FICCI, along with PricewaterhouseCoopers (PwC), has brought the digital medium under the scanner in its recently released report ‘Entertainment and Media: India going Digital’. The report focuses on a digital rights management system (DRMS).
According to the study, an efficient DRMS that allows management and protection of digital content; and technology-agnostic, forward-looking and robust regulatory policies balanced with self-regulation and cross-industry agreements, were the need of the hour to give a fillip to the fast-growing Indian digital entertainment and media industry.
The study points out that the advent of digital media had thrown up several new issues that Indian stakeholders needed to take cognizance of. Among these, copyright issues were at the foremost which impacted exploitation of digital content across ‘new media’. Technology issues, especially those relating to inter-operability of equipments and devices at consumer premises, are also to be dealt with. Digital piracy, though at a nascent stage, will also be a challenge for Indian stakeholders, with proliferation of digital media to Indian masses. The FICCI-PwC study thus notes that an efficient DRMS that will allow management and protection of digital content in a digital environment should be made mandatory.
India is currently witnessing a trend of increased digital infrastructure penetration of broadband and mobile networks, which now makes it possible to broadcast, stream and download digitised content from diverse platforms to a variety of devices. The new technological environment is thus creating great opportunities for content providers in India to monetise their valuable content across various digital media and devices.
However, the migration to digital formats is having an adverse impact on competing revenue streams. The FICCI-PwC study points out that digital/mobile spending streams competed with physical home video sell-through and rental, physical recorded music sales, physical book sales and purchases of magazines and newspapers. Additionally, traditional TV, radio, magazine, and newspaper advertising continued to compete with Internet advertising.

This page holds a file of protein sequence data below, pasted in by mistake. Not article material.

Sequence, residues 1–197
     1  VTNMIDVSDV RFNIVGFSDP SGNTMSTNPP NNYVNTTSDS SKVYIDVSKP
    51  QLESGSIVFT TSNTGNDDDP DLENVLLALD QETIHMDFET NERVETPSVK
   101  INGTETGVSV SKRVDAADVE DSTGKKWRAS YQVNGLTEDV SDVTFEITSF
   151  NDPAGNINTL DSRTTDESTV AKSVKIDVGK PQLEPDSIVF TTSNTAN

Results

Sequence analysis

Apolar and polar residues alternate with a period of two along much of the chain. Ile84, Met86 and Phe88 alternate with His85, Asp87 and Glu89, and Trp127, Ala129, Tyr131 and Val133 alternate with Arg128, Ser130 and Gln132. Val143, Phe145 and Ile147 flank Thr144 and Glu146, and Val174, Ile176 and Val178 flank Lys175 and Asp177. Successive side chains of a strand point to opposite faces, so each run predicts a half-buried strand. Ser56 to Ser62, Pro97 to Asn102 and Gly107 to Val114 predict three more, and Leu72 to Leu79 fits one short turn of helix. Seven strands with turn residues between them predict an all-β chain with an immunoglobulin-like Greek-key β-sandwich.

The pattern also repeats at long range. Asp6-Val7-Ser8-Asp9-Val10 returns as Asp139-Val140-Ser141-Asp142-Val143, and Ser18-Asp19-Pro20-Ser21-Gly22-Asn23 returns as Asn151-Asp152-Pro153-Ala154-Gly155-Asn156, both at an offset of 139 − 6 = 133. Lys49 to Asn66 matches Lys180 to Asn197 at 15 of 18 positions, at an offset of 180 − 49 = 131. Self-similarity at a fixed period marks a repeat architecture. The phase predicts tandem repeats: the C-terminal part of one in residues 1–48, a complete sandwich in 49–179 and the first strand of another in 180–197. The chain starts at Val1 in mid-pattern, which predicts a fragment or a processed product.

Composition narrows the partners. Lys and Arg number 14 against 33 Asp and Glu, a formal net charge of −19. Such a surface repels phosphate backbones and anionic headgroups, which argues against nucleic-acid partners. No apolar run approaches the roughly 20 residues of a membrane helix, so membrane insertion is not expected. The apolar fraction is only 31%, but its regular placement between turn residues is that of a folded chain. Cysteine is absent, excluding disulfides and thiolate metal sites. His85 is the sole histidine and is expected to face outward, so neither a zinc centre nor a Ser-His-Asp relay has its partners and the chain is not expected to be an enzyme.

The study also found that companies were forming alliances and joint ventures to better take advantage of and serve the needs of the changing environment. Broadcasters are creating strategic alliances with digital networking companies and teaming up with Internet companies and wireless providers to stream programming, both over the Internet and mobile devices. Publishers and search engine companies are working together to share content and sell advertising in both print and digital formats. Technology companies are creating alliances to support the expansion of digital and mobile distribution of content.
The study notes that content, distribution, and technology companies are thus expected to continue to pursue new relationships during the next five years to accommodate the growing role that digital distribution will play in the entertainment and media market.
In 2006, the various digital platforms generated $690 billion in global spending, or 48 per cent of total entertainment and media spending, including Internet access spending. During the past ﬁve years, spending on these platforms expanded by double-digit rates and high-single-digit rates. Two additional years of double-digit growth are expected, with high single-digit gains anticipated during 2009–11. By 2011, spending on these platforms will reach $1.1 trillion, growing at a 9.1 per cent compound annual rate. Asia Paciﬁc will be the fastest-growing region, with a projected 13.5 per cent compound annual increase.
The FICCI-PwC study highlighted that customer focus could very well be the key differentiator in the times to come. Such a focus means knowing one’s customers, offering them the best experience, making sure one’s organisation truly listens to customers while having the agility to react quickly to their changing expectations. Those companies able to harness this approach almost certainly will be the winners in a competitive and increasingly complex marketplace.
More and more entertainment and media companies are pushing forward with their triple- and quadruple-play strategies. Enabled by the growth in broadband and mobile, new players are intensifying competition and the fight for revenues, as the market moves toward lower prices.